The shockwaves of Republican Sen. Olympia Snowe's announcement of her retirement have reverberated throughout the Senate side of the Capitol today, with senators saying it should serve as a "wake-up call" to all legislators that one of their own would leave Congress over the polarized state of politics.
"I think she lost hope," said Sen. Lindsey Graham, R-S.C. "You know, all of us need to believe there's a light at the end of the tunnel. And if you lose that belief, why do you spend seven years of your life - and in her case that's what would have been the commitment - to do something [for which] there seems no hope? "
Graham said he had not lost hope for Congress yet.
"I very much respect her decision, but somewhere in all this mess there's a pony," he said. "And we just need to find that pony. But this ought to be a wake-up call to the Congress."
"It's dysfunctional and the political paralysis has overtaken the environment to the detriment of the good of this country," Snowe, R-Maine, told Andrea Mitchell of MSNBC today, in explaining her decision to leave Congress after 33 years of service. "It's very, very difficult to resolve major issues."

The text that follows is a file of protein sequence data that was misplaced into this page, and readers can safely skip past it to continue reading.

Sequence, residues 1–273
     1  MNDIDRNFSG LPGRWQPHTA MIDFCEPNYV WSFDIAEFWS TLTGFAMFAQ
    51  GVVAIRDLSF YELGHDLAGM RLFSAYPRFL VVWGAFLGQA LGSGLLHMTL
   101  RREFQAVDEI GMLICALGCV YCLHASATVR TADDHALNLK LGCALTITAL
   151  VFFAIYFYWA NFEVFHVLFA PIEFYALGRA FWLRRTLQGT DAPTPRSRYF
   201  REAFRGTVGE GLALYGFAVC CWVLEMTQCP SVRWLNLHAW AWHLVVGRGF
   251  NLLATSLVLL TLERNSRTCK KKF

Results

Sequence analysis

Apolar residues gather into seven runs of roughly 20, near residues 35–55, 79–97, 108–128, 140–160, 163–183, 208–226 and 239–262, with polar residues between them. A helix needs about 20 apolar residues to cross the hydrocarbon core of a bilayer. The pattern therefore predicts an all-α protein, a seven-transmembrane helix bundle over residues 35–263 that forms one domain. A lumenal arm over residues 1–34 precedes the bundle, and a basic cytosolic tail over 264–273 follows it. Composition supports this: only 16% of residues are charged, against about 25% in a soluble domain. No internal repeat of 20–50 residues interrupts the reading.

Sen. Joe Lieberman, I- Conn., can understand Snowe's frustration.
"I feel Olympia's pain," Lieberman said. "I was very surprised and disappointed by her announcement yesterday, because Sen. Snowe has been a very principled, independent member of the Senate. She's been there on critical occasions over the years to form the kind of bipartisan majorities that used to make things happen for the American people from Congress. And it's happening less and less."
Lieberman said that Snowe's parting words, in announcing Tuesday she would not run for re-election, were a "poignant" moment that should spur action in members of Congress.
"I hope everybody hears that," Lieberman said. "People are sort of pulled apart by this process and end up in … warring camps, a kind of perpetual partisan tug-of-war that forgets the people who were good enough to send us here and the country that we pledged ourselves to when we took our oath. So, you know, I hope people will listen to the words that Olympia Snowe spoke yesterday and that, particularly, members of the Senate respond."
Sen. Barbara Boxer, D-Calif., said Snowe, as a moderate Republican, was a "voice of reason," in the Senate - something that she will miss as political battles are waged going forward. Boxer asked that all legislators take a moment to think about the reasons for Snowe's departure.
"Let's listen to what she said," said Boxer. "She said this place has become so polarized. We can't move forward."